Johnson’s justice plans ‘monumental waste of money’

12 Aug 19

Boris Johnson’s plans to put money into prisons and the Crown Prosecution Service have been branded a “monumental waste of money” by a think-tank.

The new prime minister announced at the weekend that he would spend up to £2.5bn on creating 10,000 new prison places in England and Wales.

He also said he will give £85m to the CPS to help it better manage its caseloads.

The home secretary Priti Patel said over the weekend the government will extend ‘stop and search powers’ to 43 forces in England and Wales. ‘Stop and search’ powers are currently limited to a pilot of seven forces worst affected by knife crime.

And today Johnson ordered an “urgent” review of sentencing policy, which is expected to lead to tougher sentences for violent crimes.

The prime minister said victims and the public wanted to see “dangerous criminals… kept off our streets, serving the sentences they deserve.”

“We have all seen examples of rapists and murderers let out too soon or people offending again as soon as they’re released. This ends now,” said Johnson, two weeks after announcing plans to recruit 20,000 more police officers.

Charlotte Pickles, director of think-tank Reform, dismissed these ideas as “costly election baubles”, echoing the idea that the prime minister is preparing to call a general election.

She said: “Boris Johnson’s criminal justice reforms are a monumental waste of money.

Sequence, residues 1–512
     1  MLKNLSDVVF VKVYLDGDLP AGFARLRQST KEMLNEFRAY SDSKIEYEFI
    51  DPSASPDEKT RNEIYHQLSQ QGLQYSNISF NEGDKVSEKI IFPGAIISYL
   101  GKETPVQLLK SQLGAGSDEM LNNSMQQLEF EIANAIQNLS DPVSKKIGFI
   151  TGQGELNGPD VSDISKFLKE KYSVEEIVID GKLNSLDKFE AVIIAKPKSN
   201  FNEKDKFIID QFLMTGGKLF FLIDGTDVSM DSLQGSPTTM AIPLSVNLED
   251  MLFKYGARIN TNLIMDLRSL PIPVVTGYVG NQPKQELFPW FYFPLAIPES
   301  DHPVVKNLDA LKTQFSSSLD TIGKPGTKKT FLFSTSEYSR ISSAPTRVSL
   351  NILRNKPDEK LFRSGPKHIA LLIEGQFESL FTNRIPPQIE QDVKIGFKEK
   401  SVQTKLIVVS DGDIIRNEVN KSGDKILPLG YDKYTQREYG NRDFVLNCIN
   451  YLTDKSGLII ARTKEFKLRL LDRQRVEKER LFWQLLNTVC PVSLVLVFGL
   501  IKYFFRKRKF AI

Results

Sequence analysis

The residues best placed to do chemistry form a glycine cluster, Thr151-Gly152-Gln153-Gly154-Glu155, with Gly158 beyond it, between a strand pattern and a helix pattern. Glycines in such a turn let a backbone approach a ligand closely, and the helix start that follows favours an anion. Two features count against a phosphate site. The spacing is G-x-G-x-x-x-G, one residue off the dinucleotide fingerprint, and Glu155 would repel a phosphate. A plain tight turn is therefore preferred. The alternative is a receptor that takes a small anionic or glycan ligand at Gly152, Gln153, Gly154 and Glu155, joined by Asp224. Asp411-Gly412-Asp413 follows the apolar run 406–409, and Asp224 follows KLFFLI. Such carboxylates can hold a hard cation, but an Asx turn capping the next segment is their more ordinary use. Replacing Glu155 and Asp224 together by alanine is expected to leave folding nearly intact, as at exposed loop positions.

“His proposed sentencing reforms ignore evidence that shows that longer prison sentences are ineffective at deterring crime or reducing reoffending.

“His unequivocal embrace of stop and search is dumbfounding – research shows it does little to prevent violence.”

Others also suspected Johnson’s ideas will not address the real problems in policing and the justice system.

Chief executive of the Howard League for Penal Reform Frances Crook said new prison places would in fact create more crimes.

Many people in prison become addicted to drugs, which further stretches health and police resources, Crook said. She also explained police resources often get tied up on dealing with the crime of having a mobile phone in prison, which was likely to be made worse with the increased prison places.

And shadow justice secretary Richard Burgon said the government should instead focus on tackling the causes of crime.

He said: “We’ve seen Tories before who talked tough on justice but failed to bring down the number of victims of crime.

“If Boris Johnson thinks that building more and more prisons will address this he is sadly mistaken.”

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